In the latest version, at Rosneft’s suggestion, main pipelines of “common” and “non-common” use emerged. The owners of the latter may be individuals or entities “registered in the territory of the Russian Federation, including oil companies”. If we rely on the principle of task sharing - production is one thing, the transport infrastructure is another - there should be no “private” main pipelines. That principle is established for example, in the law on electric power industry, Article 6 of which reads: “Legal entities, small business owners and affiliated persons within the boundaries of the same price zone of the wholesale market are prohibited from merging activities in electricity transmission and / or operational dispatch control in the electric power industry with activities in the production and / or purchase and sale of electric energy.”
The status of “main” per se changes nothing in the operations of the oil pipeline pumps but the consequences of the status matter with regard to taxation (main pipelines are entitled to tax deduction under Article 380 paragraph 3 of the Tax Code), allocation of plots for construction of main not-main pipelines (the land for state facilities is allocated under one law, for private facilities under other). Access to private pipe and tariffs sets the owner of the pipe rather than the governmental agencies.
The observers link Rosneft’s desire to enshrine in law the possibility of privately owned pipelines with the status of “main” with twists around its oil pipeline connecting the Vankor field with Purpe oil pumping station. In June 2018, Rosneft lost a dispute with the Federal Tax Service that charged in with 2.46 billion rubles of additional taxes and penalties for 2012-13 for unjustified use of property tax exemptions, available to only state main pipelines. However, under the amicable agreement, the company obtained the right to use the privilege for that pipe retroactively, since 2014.
In the event of legislative consolidation of the possibility to lodge private pipes owned by oil companies with the “main” status, Rosneft and other companies will inevitably want to extend the status to as many of their pipelines as possible. The state budget will lose billions of rubles, and the principle of equal and non-discriminatory access to the main oil pipelines will be buried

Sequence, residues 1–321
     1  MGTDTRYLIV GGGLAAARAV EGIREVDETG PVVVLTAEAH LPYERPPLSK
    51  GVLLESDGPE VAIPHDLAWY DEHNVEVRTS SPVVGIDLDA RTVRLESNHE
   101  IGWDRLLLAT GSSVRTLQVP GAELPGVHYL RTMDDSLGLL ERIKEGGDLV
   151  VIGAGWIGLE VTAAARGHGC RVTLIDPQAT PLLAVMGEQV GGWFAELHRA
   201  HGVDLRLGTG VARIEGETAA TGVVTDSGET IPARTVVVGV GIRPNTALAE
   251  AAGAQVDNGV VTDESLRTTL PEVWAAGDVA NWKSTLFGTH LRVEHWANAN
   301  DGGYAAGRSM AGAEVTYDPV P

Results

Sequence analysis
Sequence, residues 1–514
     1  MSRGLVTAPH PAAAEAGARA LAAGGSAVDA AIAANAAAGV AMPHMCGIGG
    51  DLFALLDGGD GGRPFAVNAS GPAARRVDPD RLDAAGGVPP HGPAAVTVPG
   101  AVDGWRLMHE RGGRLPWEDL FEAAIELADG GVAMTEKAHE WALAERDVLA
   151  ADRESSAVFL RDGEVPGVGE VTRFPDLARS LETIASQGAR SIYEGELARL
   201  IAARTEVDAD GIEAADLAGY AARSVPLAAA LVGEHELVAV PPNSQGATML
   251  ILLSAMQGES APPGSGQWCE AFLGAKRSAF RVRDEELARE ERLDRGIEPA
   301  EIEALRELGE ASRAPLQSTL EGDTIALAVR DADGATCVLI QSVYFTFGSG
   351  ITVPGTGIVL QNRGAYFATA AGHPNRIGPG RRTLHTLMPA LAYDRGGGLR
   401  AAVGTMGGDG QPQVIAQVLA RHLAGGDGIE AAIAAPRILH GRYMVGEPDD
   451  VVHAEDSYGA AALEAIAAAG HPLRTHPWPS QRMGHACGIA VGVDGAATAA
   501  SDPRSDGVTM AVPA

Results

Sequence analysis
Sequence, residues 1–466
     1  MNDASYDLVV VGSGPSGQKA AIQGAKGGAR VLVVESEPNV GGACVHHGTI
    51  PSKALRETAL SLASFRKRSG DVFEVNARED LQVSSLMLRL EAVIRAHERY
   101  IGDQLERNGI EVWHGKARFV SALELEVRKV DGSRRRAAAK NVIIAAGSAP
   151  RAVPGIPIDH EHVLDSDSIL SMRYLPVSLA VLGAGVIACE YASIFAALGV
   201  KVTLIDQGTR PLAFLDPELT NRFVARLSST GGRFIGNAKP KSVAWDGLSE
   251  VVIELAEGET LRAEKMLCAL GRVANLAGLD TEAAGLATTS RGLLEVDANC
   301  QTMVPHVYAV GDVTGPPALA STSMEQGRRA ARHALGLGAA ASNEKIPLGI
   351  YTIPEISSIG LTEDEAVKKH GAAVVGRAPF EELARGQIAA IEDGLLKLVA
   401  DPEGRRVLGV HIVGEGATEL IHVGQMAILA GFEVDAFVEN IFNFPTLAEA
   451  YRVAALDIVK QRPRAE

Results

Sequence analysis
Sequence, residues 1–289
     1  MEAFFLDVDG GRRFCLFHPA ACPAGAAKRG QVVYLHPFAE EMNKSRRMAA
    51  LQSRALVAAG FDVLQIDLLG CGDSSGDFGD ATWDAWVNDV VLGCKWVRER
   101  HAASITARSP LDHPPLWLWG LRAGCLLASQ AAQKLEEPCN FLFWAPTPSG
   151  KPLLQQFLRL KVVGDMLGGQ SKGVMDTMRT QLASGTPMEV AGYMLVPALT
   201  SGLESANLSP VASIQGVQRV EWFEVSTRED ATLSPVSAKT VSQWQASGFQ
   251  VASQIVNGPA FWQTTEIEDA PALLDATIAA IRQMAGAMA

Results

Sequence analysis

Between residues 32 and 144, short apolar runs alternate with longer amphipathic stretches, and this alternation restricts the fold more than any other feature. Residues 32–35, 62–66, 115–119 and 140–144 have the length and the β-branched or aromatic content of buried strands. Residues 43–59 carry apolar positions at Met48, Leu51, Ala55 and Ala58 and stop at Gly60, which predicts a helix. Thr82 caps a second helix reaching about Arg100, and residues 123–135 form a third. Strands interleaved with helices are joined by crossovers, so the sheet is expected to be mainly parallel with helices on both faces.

The parties’ responsibilities in the construction of main pipelines
Another controversial issue becoming an obstacle to the adoption of the law is who and how will pay for the construction of new pipelines. The necessity to include in the law on oil pipelines the matter of cost recovery for facilities built at public expense while commissioned by private companies is disputable. The authors believe that a framework law on the commercial relations between business and the budget would be more logical. But until such a law is adopted it is acceptable to protect state-owned companies and market participants from unsound expenses.
The September 2018 version of the draft law approved by market participants and the Energy Ministry, presents the pattern of increased tariffs for companies who commissioned the building of new or the expansion of existing pipeline capacities, that have been applied for over two decades. Those provisions disappeared from the latest version at the insistence of Rosneft. In the Rosneft’s wording, the “construction of main pipelines is performed exclusively in accordance with the investment program of the specified entity of the natural monopoly at the expense of the investment component of the tariff for the transportation of oil and petroleum products, with the exception of the provisions implying the regulation of the main pipeline construction on the conditions of reimbursement to the specified subject of the natural monopoly cost incurred by certain consumers of relevant services (oil and gas companies).
If this version of the law is adopted, all oil companies will pay, as a component of the tariff for the entire system of main pipelines, the projects to expand existing or build new capacities being implemented in the interests of one or a few oil companies.
The “ship or pay” formula also disappeared from the law. It means that oil pipelines will be built at the public expense while the companies will not have to pay for unfulfilled promises to deliver oil to a new pipe. At present Zapolyarye-Purpe and Kuyumba-Taishet oil pipelines commissioned by oil companies and built with the funds of the state-controlled Transneft do not operate at full capacity and are often idle. Oil companies with impunity disrupted delivery schedules, while the FAS set tariffs with which payback of oil pipelines moved beyond the horizon of service life. The state budget, through the financial entity of Transneft whose operating cash flow has become negative, will pay for the half-empty oil pipeline.
The adoption of the law has become senseless. The amount of controversial issues in the course of consultations increased at each new stage of approvals. For example, the controversy was raised by the question whether the government should approve the Transneft investment program or the approval of the company's Long-term Development Program and the principles of the investment program formation is sufficient, and the investment program per se might be approved by the Energy Ministry. The difference is the speed of decision-making, and it is significant, with the process able to take months and years as we see in the saga of the law adoption.